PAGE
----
We’ve all been asked the question, ‘What do you want to be when you grow…
5 Things to Consider When Marketing to a Generation Niche
Every generation has shared experiences, but it is important to remember you still need to get an individual to respond to your marketing. In this article, I share my tips for marketing to a specific generation or age niche.
Over the past thirty years, I’ve been fortunate to develop marketing strategies for a wide range of age groups in our economy. And I now run a business that aims to help mature age individuals achieve prosperity through business ownership. Not surprisingly, I have a deep interest in what makes different generations tick.
But beware, there are some pitfalls, which I’ll also uncover for you.
First – An age niche should be treated like any other niche
Marketing to a generation niche should be treated like any other in that you need to do your research on needs and wants in relation to your product or service. Don’t just assume because you have a product that can be used by a specific age group that the age group will need or want it. Any business wanting to target a niche has to become an expert in that niche in order to be the best in that segment. Success will come from understanding. A good analogy is being a specialist in medicine versus a general practitioner. The specialist knows far more about their area of expertise than a GP because they have to.
Second – don’t treat the age group in a homogenous way
In other words, the person’s age is only one factor that needs to be considered in a marketing program. All people over 65 don’t act that same way, nor like the same brands, and you shouldn’t treat them in an arbitrary way based on assumptions.
The retirement industry is a bad example of this marketing where almost all focus on the ‘sitting on a beach drinking pina coladas’ view of retirement. And yet recent research shows at least six sub-tribes in the retirement age group. Some continue to work, some volunteer, some buy a caravan and travel Australia, some travel overseas, some become carers to grandkids.
Third – understand the way an age group communicates and makes decisions
This will be part of your research, but also your execution. Find out how your customers make decisions in relation to products like yours. Find out what media they consume. Discover who their influencers are. And find out what service expectations they have.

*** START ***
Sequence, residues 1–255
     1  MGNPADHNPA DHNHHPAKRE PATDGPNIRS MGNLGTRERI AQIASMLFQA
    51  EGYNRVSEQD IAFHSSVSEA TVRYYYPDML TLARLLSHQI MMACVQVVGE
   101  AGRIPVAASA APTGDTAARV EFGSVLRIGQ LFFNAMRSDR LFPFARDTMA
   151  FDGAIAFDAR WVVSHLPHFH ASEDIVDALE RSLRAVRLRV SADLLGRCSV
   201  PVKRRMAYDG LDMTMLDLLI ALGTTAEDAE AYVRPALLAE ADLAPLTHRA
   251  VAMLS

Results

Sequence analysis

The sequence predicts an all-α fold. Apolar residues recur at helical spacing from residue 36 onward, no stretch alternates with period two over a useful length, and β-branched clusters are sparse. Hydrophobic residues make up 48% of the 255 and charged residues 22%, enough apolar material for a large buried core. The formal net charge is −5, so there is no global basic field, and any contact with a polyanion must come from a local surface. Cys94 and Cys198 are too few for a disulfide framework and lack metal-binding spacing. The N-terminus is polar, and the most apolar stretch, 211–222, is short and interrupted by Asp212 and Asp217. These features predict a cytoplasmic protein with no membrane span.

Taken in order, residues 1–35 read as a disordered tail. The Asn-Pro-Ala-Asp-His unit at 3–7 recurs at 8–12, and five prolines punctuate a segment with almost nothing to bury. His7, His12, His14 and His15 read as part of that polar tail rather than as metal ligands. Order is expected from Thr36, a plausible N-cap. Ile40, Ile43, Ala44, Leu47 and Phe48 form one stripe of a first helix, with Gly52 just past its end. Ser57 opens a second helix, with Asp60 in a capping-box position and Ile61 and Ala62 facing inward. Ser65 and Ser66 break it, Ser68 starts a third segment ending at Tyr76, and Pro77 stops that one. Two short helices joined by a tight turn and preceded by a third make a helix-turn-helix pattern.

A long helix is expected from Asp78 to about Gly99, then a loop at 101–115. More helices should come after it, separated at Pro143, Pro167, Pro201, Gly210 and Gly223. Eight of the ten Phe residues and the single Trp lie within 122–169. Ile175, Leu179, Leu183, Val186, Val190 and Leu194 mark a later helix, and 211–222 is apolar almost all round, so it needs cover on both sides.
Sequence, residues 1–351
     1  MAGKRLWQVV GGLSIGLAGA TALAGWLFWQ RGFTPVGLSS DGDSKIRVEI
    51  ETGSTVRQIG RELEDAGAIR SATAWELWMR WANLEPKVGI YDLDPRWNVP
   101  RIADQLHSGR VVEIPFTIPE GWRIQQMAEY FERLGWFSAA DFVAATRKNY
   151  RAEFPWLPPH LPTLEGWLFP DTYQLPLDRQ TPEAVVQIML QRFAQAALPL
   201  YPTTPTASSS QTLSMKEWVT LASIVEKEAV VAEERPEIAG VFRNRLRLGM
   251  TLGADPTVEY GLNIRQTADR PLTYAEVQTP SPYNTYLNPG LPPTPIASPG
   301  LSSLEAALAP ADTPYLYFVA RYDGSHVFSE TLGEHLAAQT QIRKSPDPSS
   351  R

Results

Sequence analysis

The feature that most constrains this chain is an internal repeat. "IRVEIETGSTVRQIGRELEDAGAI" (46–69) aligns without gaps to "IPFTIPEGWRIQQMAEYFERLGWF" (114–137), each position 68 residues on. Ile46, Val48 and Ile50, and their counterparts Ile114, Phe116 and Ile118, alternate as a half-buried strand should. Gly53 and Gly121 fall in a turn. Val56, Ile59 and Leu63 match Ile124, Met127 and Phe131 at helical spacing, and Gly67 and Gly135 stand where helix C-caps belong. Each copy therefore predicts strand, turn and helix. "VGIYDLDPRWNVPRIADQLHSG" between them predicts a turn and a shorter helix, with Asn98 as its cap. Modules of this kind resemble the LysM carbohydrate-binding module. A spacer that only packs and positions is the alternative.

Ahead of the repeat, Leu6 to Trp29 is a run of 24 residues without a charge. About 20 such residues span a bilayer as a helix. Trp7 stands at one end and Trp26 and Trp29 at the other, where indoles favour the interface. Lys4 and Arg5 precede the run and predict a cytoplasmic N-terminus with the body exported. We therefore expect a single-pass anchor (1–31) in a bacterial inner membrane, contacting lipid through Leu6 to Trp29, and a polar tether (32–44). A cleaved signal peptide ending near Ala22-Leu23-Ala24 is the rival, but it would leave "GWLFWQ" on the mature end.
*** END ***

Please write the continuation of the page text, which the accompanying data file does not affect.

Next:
An example is one thing that will frustrate mature generations more than anything is the inability to get personal service. Whereas a younger generation might be more than happy to research the answers to their questions on your FAQ page, or facebook.
Fourth – Actions speaker louder than words
If you’re going to target a niche by age, then make sure your business actually lives and breathes that age group. Don’t fake being young and funky in your brand and then be all stuffy and corporate behind the front door. Most generations have a pretty good bulls&%t detector, and can tell if a company is faking it.
Fifth – go deep
If you’re marketing to a generation niche, then your business and marketing strategy should be about depth. You are now a specialist. So put all your product development and research into building out a deep and genuine offer for that audience. My recommendation is it would be better to have five products and services targeting the one niche. As opposed to one product or service for each of five niches. This relates to the above specialist versus generalist positioning.
If you are going to niche, then go deep and win. In our business, we have a thirty-year strategic plan for our mature age segment. And it will eventually lead to a business that is wholly invested in all the products and services that individuals within our niche need and want. We’re doubling down on being an expert in our target audience.
If you want to niche your business on age, treat it like any other niche. Understand it better than anyone else. Commit to it harder than anyone else. And you will be successful.
“The opinions expressed by Smallville Contributors are their own, not those of www.smallville.com.au"
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